Discover the role of Arkansas’s White River, with emphasis on the Lower White, as a vital transportation route for early settlers on the Arkansas frontier. Museum exhibits interpret the river’s influence on settlements during the steamboat era and the expansion of commerce from its roots in hunting and fishing into shelling, timber, and agriculture.
Life-sized figures of a steamboat captain, slave, schoolteacher, and land surveyor greet visitors, introducing themselves with dialog taken from oral histories and slave narratives. A 100 ft.² pen and ink mural, by Little Rock artist Richard DeSpain, serves as the backdrop for these figures. The mural, based on a historical photograph, features the steamboat J. A. Woodson waiting to be loaded with cotton.
Museum exhibits explore such topics as pearling and button-making, fishing and hunting, the timber industry, agriculture, medicine, education, the Civil War, and riverboats.
Young museum visitors can enjoy an interactive map of Arkansas highlighting its major rivers and locations of towns along the lower White River.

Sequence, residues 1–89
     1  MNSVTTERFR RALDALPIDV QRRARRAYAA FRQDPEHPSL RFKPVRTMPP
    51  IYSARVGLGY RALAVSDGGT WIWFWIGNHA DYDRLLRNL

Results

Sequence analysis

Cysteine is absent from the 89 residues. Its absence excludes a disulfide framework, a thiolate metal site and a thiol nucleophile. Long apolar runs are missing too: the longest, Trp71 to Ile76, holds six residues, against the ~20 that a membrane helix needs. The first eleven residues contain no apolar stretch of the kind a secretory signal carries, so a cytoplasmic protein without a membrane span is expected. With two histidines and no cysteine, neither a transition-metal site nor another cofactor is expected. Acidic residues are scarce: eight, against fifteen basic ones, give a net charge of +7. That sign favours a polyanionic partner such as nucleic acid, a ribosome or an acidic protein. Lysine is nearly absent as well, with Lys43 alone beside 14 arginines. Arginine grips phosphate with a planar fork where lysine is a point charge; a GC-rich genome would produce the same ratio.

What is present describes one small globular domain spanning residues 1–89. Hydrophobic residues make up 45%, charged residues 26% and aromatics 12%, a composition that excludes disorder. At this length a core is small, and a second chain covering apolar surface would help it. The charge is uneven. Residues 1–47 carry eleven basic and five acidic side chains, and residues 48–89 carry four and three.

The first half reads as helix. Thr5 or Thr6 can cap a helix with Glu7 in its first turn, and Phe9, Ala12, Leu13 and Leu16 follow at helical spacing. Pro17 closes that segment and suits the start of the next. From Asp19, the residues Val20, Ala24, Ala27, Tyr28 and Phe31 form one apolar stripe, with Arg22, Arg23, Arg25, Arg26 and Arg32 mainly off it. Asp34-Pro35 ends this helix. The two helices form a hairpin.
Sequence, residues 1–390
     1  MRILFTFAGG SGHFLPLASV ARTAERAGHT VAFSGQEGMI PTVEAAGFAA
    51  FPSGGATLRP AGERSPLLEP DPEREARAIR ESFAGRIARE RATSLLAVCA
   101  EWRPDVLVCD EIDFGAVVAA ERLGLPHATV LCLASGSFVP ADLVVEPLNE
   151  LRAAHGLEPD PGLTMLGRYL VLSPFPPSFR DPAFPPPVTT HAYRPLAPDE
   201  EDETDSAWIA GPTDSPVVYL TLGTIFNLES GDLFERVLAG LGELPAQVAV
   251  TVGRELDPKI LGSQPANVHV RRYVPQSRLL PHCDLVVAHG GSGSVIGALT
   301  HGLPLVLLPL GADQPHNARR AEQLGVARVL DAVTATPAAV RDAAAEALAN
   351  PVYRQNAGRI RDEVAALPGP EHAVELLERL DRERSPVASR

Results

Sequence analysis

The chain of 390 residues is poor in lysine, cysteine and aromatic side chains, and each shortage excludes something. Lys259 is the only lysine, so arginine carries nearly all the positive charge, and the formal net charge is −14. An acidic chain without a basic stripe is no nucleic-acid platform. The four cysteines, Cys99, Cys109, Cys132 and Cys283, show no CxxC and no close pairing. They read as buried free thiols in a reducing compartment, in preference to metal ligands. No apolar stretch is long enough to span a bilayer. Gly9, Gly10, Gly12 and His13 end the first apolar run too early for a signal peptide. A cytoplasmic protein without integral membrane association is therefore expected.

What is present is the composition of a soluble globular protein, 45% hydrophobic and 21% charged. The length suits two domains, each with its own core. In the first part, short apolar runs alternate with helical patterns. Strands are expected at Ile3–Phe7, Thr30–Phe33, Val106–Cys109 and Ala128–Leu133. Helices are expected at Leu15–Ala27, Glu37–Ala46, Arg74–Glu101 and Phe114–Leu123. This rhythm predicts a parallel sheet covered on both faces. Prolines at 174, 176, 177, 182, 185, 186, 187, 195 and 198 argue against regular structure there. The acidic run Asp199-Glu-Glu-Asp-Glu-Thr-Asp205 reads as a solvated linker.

A research room features archival materials, including cemetery records, tax exemption receipts for cotton, old newspapers, estate papers, and other historical documents.
The park also hosts a variety of interpretive programs, workshops, and special events throughout the year.
A replica of an 1880s-style log cabin, owned by Prairie County, is located next to the park. This cabin, built in traditional dogtrot style, features a kitchen and living quarters separated by an open-air breezeway. Outbuildings, including a potato or smoke house, a washhouse, and an outhouse complete the complex.
Admission is free.
The Lower White River Museum is in Des Arc at the western end of Main Street at 2009 Main Street, two miles west of the White River.
For more information about Arkansas State Parks historic, heritage and cultural parks, and museums, go to: http://www.historystateparks.com/